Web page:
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Political Pulse: Hall sheriffs debate had wide variety of topics
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Candidates discuss deputy fitness requirements

There was a lot I didn’t get to in a story earlier this week about the sheriff’s debate. Why? The debate lasted until a little after 9:30. We go to print at 11:30 and I had two other stories to write.

Luckily, I’ve got this weekly space where I can shove my leftovers. Just counting the number of people who showed up to Monday’s debate and the number of anonymous posters on Tuesday’s story, people seem, by far, more interested in this local race than any of the others we’re having in Hall County. So without further ado, I shall commence the shoving:

The candidates had an interesting discussion about immigration enforcement as they answered a question from the panel of college students about whether each of the candidates supported Georgia’s relatively new anti-illegal-immigration law, House Bill 87.

Chuck Hewett said he was “not inclined to agree with it,” noting that the state law didn’t mandate officer training that would keep officers from blurring the line of discrimination. John Sisk stated a similar concern with the state law, but Hewett was the only one to specifically state an opposition to it. Jeff Strickland stated support for the law, but did say it needed an amendment that allowed for temporary immigrant labor.

Hewett said state lawmakers should have let the local-federal partnership 287(g) do its work with a few tweaks. All of the candidates praised that program, and only Couch offered a tweak.

Couch said 287(g) needs to be used with more discretion, and said one problem with the program was the fact that two illegal immigrants were arrested for fishing without a license.

But he wasn’t the only candidate to turn the question into a discussion about the 287(g) program, which is a partnership that several local agencies, including Hall, have with Immigration and Customs Enforcement.

The Latino immigrant community came up again during a discussion about gangs. One of the suggestions Couch proffered was to increase outreach to the Hispanic community. He said that, of 64 neighborhood watch organizations in Hall, none had been created in any of the county’s majority Hispanic communities.

Officer morale came up more than once. Answering a question about holding officers more accountable for their actions, all of the candidates mentioned the need for equal and fair punishment for officers and its relationship with employee morale. The issue came up again when the panel of college students asked about problem areas in the department. In their answers, nearly all the candidates talked about employee morale.

Couch said he also thinks keeping sheriff’s deputies trained and up-to-date on crime trends is one of the agency’s main problems, but in an earlier question about equipment needs, Couch mentioned that officers should be the biggest focus. He said they are “living paycheck to paycheck” and those with experience are leaving due to a lack of support. “In the future, of course, we’ll need to look at equipment needs, but first and foremost the biggest thing we need to work on right now is maintaining a level of excellence in keeping good qualified officers in this community,” Couch said.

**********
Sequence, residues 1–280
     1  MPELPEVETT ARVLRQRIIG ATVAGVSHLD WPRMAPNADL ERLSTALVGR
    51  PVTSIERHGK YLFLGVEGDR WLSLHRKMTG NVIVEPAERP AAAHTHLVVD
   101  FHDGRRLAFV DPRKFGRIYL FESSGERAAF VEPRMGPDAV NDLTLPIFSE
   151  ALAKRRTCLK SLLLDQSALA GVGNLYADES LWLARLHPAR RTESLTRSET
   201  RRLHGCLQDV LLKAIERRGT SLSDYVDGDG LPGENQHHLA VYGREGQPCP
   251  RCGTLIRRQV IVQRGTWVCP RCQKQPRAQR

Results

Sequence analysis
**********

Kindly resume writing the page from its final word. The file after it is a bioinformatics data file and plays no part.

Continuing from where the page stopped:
Jon P. Strickland said something similar, insinuating that training  and other investments in staff were connected to morale, which is also connected to service and the community’s trust in the sheriff’s office. “Check around,” he said. “We’ve got a morale problem. How do we get rid of that morale problem? By leading by example.”

Former chief deputy Jeff Strickland also mentioned the agency’s morale problem, which he said was caused by the election, mandatory furloughs and no employer contribution to retirement plans. He stated a commitment to end officer furloughs by the end of his first year as sheriff, and said he would work “very hard” in his first term to restore retirement contributions. Hewett, too, said one of the agency’s biggest problems for officers was that “we need to help them feed their families.”

Other notes from Monday:
— Hewett proposed getting rid of much of the agency’s administration, saying “I’ll have no one in between me and the people there.”

 — On the candidates’ list of needs for the sheriff’s office, nearly all said the county needs new patrol cars. But Jeff Strickland mentioned another problem area: the agency’s reluctance to move into the technology age.  “Law enforcement has always been the last to embrace technology and make improvements,” said Jeff Strickland. “We still have officers hand-writing reports. We have clerks (transcribing) those and putting them into the computer. We’ve got to get better at those type areas.”

— Jon P. Strickland proposed deputizing officers in the county’s municipal departments to deal with issues created by city “islands,” or properties surrounded by the county but inside the city limits that often cause confusion over jurisdiction. Deputized officers, he suggested, could serve warrants near their jurisdictions or help deal with issues just outside the city limits. “You wouldn’t have to have a deputy drive all the way from Gainesville down there to serve that warrant,” he said.

—Sisk, in the aforementioned discussion about gangs, said kids were being “beat in” to gangs in school bathrooms.

— A member of the crowd questioned the candidates on their views on deputy fitness requirements.

Ashley Fielding is the senior political reporter for The Times. Share your thoughts, news tips and questions with her:
— @GtimesPolitics